Richard Hughes: Improving the security model of the LVFS

Mër, 11/12/2019 - 9:34pd

There are lots of layers of security in the LVFS and fwupd design, including restricted account modes, 2FA, and server side AppStream namespaces. The most powerful one is the so-called vendor-id that the vendors cannot assign themselves, and is assigned by me when creating the vendor account on the LVFS. The way this works is that all firmware from the vendor is tagged with a vendor-id string like USB:0x056A which in this case matches the USB consortium vendor assigned ID. Client side, the vendor-id from the signed metadata is checked against the physical device and the firmware is updated only if the ID matches. This ensures that malicious or careless users on the LVFS can never ship firmware updates for other vendors hardware. About 90% of the vendors on the LVFS are locked down with this mechanism.

Some vendors have to have IDs that they don’t actually own, a good example here is for a DFU device like the 8bitdo controllers. In runtime mode they use the USB-assigned 8bitdo VID, but in bootloader mode they use a generic VID which is assigned to the chip supplier as they are using the reference bootloader. This is obviously fine, and both vendor IDs are assigned to 8bitdo on the LVFS for this reason. Another example is where Lenovo is responsible for updating Lenovo-specific NVMe firmware, but where the NVMe vendor isn’t always Lenovo’s PCI ID.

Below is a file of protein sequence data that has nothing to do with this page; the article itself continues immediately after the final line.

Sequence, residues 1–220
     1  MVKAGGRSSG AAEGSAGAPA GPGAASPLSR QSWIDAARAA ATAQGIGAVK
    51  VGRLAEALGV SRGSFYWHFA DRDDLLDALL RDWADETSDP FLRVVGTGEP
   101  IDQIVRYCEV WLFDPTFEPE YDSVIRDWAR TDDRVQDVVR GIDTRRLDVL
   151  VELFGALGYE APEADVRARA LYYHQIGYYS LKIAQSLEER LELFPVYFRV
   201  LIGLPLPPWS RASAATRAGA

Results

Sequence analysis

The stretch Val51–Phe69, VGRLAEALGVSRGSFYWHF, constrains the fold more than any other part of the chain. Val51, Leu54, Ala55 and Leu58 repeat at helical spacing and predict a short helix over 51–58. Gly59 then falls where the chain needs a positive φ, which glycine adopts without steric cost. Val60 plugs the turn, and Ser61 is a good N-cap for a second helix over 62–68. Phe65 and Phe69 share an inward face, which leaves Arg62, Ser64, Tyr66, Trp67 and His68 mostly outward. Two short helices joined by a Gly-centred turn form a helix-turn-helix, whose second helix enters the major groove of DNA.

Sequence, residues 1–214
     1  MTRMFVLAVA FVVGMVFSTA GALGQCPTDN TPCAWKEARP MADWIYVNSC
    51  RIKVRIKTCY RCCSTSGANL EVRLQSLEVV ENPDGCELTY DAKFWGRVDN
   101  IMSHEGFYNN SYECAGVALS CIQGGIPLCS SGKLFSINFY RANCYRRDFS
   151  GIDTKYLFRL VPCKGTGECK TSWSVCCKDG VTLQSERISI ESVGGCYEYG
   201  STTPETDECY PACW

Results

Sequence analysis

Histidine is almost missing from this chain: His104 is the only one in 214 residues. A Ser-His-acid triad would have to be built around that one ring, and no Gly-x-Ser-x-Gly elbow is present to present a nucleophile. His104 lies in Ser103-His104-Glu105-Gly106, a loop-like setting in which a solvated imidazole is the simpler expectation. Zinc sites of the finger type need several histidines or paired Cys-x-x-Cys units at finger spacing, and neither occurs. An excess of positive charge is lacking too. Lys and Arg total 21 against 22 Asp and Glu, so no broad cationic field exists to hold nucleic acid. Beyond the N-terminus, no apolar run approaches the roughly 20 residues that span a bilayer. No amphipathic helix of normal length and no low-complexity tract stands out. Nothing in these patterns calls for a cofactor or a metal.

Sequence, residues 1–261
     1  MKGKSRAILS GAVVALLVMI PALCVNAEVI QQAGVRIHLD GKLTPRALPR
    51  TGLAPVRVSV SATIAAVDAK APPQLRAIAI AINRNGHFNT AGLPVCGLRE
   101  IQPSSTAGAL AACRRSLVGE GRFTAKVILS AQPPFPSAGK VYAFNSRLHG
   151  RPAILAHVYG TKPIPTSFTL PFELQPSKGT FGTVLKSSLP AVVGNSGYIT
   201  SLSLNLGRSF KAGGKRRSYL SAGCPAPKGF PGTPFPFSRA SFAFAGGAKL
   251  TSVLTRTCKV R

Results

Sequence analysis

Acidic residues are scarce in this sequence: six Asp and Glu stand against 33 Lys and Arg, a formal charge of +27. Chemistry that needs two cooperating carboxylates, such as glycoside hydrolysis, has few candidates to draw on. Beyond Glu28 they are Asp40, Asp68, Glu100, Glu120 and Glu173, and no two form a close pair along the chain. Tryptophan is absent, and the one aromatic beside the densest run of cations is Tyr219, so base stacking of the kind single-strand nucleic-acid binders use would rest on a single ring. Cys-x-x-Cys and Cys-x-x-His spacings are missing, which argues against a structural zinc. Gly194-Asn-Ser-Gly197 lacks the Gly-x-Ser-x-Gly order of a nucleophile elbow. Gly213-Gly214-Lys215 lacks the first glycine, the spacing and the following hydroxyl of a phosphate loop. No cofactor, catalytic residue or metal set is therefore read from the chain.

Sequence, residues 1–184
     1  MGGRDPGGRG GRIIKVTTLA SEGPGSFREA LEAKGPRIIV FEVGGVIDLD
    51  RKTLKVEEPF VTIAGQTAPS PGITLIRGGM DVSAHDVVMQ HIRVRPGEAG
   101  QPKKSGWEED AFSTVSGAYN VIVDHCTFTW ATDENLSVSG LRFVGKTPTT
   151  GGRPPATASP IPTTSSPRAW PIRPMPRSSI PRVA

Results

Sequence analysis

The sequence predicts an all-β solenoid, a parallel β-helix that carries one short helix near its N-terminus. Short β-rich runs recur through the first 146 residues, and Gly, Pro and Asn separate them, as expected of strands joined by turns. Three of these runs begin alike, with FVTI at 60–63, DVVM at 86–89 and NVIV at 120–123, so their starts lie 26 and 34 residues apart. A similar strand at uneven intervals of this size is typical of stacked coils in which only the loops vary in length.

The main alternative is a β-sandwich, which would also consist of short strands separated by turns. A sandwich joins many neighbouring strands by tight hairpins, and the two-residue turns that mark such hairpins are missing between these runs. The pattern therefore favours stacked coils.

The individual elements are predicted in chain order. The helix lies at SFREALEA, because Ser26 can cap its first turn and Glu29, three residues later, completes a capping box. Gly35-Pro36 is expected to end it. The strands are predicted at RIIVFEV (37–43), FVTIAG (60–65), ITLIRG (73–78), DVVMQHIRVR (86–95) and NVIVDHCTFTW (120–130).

Where this breaks down a little more is for hardware devices that don’t have a built-in assigned vendor mapping. There are three plugins which are causing minor headaches:

  • Redfish — there’s seemingly no PCI vendor code for the enumerated devices themselves
  • ATA — the ATA-ATAPI-5 specification bizarrely makes no mention of any kind of vendor ID in the IDENTIFY block
  • UEFI — the ESRT table frustratingly just lists the version number and the GUID of devices, but no actual sysfs link to each

All the other plugins can be handled in a sane way, mostly automatically as the vast majority derive from either FuUsbDevice or FuUdevDevice.